Best File Format for File Preservation? [SOLVED]

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Amii_Leigh
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Best File Format for File Preservation? [SOLVED]

Post by Amii_Leigh » Wed Jun 07, 2017 8:05 pm

Is there a 'best' file format for preserving file integrity over longer stretch of time?
Is this a matter of opinion, or are there actually some formats are better for this than others?
I know that three hundred gigablytes of data isn't such a great thing in these days of terabyte drives, but I'd still like to keep what I have managed to keep for the last eight years, yes, you saw that right, eight whole years I've been using this drive.
Any positive responses are welcome.

Thank you!
Last edited by Amii_Leigh on Wed Jun 07, 2017 9:07 pm, edited 1 time in total.
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WharfRat
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Re: Best File Format for File Preservation?

Post by WharfRat » Wed Jun 07, 2017 8:43 pm

Use Ext4 if You’re Not Sure :wink:

I've experienced several sudden power outages over the years using Linux and the ext3 and ext4 file systems booted right up like nothing ever happened.
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Amii_Leigh
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Re: Best File Format for File Preservation?

Post by Amii_Leigh » Wed Jun 07, 2017 9:07 pm

Thank you ever so muchly!

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I honor the place in you in which the entire universe dwells.
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When you are in that place in you, and I am in that place in me, we are one.

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Re: Best File Format for File Preservation? [SOLVED]

Post by jimallyn » Thu Jun 08, 2017 7:07 pm

My experiences with EXT3, EXT4, and Reiser have all been about the same as WharfRat's: they just work. (Reiser isn't used much anymore.) As I understand it, it's the journaling that does it. Basically, it makes a record of what it's going to do, then does it, then records that it did it. A friend of mine who is a lawyer says when presenting a case to a jury, you have to tell them what you're going to tell them, tell them, then tell them what you told them. Works for filesystems, too.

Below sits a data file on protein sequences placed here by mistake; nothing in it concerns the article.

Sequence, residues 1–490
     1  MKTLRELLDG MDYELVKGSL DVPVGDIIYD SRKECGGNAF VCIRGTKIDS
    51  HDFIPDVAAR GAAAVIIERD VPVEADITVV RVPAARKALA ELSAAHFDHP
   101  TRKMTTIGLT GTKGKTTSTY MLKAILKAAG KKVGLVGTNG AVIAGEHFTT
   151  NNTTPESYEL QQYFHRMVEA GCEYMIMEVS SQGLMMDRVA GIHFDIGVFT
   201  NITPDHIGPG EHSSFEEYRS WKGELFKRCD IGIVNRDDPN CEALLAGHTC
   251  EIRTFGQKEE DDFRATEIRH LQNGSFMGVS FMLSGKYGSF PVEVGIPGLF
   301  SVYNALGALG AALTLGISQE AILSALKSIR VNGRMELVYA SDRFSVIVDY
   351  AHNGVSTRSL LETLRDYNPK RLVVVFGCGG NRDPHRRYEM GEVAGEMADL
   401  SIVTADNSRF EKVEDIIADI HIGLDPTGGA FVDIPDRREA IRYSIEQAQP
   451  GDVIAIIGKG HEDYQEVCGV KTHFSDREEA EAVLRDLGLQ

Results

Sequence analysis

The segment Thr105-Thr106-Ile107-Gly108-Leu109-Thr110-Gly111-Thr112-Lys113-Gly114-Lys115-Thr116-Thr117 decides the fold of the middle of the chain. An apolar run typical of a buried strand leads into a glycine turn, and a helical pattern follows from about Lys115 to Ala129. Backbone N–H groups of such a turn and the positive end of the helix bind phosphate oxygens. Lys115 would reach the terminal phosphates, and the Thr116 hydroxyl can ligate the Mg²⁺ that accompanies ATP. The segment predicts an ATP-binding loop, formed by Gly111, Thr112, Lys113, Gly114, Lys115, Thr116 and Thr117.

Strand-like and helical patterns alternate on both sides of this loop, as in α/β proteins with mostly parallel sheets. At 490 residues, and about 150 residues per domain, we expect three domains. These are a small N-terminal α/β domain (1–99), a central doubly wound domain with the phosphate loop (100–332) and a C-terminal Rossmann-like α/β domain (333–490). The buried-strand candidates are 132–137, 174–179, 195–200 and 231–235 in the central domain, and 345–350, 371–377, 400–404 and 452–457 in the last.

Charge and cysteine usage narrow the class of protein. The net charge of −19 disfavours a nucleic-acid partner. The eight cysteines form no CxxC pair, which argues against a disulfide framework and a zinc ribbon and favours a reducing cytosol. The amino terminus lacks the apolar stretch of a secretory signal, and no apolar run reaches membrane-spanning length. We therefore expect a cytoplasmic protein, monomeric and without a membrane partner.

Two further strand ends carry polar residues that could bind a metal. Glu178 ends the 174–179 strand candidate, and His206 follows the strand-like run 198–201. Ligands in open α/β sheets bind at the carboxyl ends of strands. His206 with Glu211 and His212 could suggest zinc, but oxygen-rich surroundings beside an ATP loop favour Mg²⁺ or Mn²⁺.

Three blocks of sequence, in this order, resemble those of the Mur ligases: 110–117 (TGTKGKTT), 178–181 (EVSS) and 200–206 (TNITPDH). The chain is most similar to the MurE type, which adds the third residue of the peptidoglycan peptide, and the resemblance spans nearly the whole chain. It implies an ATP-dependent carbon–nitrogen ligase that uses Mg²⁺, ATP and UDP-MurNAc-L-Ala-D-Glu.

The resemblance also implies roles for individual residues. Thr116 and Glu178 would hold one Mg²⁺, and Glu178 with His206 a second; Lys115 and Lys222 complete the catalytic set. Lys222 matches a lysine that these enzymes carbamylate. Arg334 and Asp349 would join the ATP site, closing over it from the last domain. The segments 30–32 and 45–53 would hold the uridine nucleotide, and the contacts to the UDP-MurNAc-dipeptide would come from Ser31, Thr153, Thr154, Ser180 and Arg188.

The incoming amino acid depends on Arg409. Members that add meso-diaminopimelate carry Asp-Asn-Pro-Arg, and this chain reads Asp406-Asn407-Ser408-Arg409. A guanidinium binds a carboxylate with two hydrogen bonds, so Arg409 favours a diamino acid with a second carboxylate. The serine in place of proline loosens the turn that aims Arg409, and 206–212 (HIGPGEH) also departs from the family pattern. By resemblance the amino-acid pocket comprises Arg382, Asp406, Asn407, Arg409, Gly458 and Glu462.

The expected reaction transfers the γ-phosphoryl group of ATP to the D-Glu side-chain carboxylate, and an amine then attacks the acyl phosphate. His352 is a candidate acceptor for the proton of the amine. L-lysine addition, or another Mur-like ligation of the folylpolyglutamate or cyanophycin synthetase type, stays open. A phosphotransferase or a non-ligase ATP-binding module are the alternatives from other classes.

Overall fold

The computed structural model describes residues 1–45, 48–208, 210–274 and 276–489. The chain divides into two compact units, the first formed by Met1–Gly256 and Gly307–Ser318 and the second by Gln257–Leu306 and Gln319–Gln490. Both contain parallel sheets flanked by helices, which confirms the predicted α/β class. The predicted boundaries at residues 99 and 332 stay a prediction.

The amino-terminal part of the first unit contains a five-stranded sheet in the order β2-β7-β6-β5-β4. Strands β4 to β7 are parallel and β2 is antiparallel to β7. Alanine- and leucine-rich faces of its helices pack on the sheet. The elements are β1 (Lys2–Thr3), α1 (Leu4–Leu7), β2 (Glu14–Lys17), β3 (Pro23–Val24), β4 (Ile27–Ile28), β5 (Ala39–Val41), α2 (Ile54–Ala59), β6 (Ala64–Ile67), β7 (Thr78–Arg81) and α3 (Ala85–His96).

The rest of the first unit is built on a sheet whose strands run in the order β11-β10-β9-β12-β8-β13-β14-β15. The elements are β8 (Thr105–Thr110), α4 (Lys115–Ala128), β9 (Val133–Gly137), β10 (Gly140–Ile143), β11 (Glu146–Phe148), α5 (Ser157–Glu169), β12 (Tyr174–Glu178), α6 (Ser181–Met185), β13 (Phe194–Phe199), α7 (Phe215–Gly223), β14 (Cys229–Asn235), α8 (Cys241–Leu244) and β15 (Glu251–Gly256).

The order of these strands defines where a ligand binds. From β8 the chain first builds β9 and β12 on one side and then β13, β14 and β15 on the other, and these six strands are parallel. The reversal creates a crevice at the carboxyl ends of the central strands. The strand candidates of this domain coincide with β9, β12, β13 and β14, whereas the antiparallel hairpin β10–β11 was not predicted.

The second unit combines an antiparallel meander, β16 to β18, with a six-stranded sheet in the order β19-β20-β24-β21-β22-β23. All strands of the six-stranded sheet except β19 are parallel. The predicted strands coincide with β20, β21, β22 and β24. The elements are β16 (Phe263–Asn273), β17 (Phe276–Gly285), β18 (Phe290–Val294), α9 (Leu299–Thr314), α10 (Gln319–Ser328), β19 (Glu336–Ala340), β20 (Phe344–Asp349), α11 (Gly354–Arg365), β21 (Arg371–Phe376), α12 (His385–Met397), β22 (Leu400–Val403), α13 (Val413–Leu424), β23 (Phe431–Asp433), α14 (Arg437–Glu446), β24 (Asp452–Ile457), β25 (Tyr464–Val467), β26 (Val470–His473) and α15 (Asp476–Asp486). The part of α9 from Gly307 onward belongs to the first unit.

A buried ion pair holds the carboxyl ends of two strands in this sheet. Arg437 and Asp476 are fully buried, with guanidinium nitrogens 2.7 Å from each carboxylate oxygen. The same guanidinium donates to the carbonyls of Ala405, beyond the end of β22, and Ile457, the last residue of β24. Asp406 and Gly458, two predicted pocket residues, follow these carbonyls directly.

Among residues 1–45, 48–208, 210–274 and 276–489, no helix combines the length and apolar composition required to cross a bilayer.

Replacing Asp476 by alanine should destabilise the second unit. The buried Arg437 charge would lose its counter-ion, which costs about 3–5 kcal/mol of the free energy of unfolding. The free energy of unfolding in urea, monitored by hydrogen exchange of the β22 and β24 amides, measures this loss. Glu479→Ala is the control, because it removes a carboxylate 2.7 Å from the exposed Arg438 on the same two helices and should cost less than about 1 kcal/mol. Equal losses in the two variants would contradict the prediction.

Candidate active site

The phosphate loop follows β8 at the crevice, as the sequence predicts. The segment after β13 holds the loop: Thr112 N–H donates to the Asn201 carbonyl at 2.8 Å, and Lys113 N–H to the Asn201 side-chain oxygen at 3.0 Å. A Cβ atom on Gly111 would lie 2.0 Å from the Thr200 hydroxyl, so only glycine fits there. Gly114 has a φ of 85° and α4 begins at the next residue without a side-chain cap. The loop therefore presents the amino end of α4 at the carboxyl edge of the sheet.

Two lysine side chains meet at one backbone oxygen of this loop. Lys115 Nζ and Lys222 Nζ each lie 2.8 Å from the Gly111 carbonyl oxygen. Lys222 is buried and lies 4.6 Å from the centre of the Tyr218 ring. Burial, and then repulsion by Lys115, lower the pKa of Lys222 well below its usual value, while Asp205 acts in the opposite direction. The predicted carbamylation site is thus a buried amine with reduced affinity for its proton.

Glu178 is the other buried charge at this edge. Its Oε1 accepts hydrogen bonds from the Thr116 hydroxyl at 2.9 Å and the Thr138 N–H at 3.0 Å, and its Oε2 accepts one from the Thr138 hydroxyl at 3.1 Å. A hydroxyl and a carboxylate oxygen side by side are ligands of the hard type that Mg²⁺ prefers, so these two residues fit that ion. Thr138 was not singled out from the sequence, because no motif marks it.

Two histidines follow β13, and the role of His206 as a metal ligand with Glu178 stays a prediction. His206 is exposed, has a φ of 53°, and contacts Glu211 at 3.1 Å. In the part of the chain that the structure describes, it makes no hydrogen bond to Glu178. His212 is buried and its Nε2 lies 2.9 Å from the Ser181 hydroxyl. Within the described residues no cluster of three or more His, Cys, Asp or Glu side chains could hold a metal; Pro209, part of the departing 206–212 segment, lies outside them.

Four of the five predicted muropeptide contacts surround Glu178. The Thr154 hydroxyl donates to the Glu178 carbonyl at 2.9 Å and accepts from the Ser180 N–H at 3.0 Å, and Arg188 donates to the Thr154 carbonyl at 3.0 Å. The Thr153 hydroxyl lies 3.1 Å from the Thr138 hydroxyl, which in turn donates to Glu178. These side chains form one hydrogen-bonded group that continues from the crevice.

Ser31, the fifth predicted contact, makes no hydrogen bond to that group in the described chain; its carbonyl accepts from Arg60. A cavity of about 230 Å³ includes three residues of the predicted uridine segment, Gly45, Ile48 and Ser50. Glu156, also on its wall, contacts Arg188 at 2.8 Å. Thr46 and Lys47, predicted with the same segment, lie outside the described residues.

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Re: Best File Format for File Preservation? [SOLVED]

Post by Mute Ant » Sat Jun 10, 2017 10:28 am

Gently wish to point out that the file-system is not the file-format.

These people are in the business... http://www.nationalarchives.gov.uk/docu ... actice.pdf

It's not just opinion...'best' needs something to work with...

o Effects of damage. An old JPG photograph with a blue line through it (because the CD-R faded) is obviously more damaged than a BMP with just one pixel missing. But you can get 5 copies of the JPG (in five different devices) for the same storage cost as one robust BMP. The trend in SSD and HDD is obvious...halve the geometry...quadruple the capacity. Then you have to decide to use that extra storage for redundant copies.

o Does your file-storage device notice bit-rot? Mostly yes. SSD or HDD or USB-Flash or DVD or CD all use checksums to detect bit-rot. Even paper tape had a parity bit (yes I am that old).

o Does your motherboard notice bit-rot? Mostly no. A 'stuck' or 'fizzy' bit in RAM can affect what's read from a store (bad) or what's written (worse).

o Does your file-system notice bit-rot? Mostly no. VFAT NTFS EXT2 EXT3 EXT4 do not record the checksum of data stored, so they have no idea if what comes back from the store is accurate. ZFS and BTRFS do store checksums for data. BTRFS does so on a per-file basis and can make a redundant copy in the same file system, so a bad read can be repaired from the good copy (recommended for data...not so good for OS...it works, but it's 'gritty').

o Does your file-format notice bit-rot? ZIP and PNG and FLAC do, they have internal checksums. MPEG and JPEG, no.

JPEG can be made more robust by using the jpegtran command to lossless-recode it, compressing each 16x16 MCU block separately. Then, a bad bit only affects a small part of the image. The file size increases...sometimes to 160% of the original size...trivial compared to recoding as lossless PNG or BMP though.

Code: Select all

### Recode a JPEG photograph to be more resistant to bit-rot...
    cat pussy.jpg | jpegtran -copy all -restart 1B > tiger.jpg
Data stored in an encrypted volume will only be accessible with the original password. Without this key, all the data will remain scrambled beyond hope of recovery.

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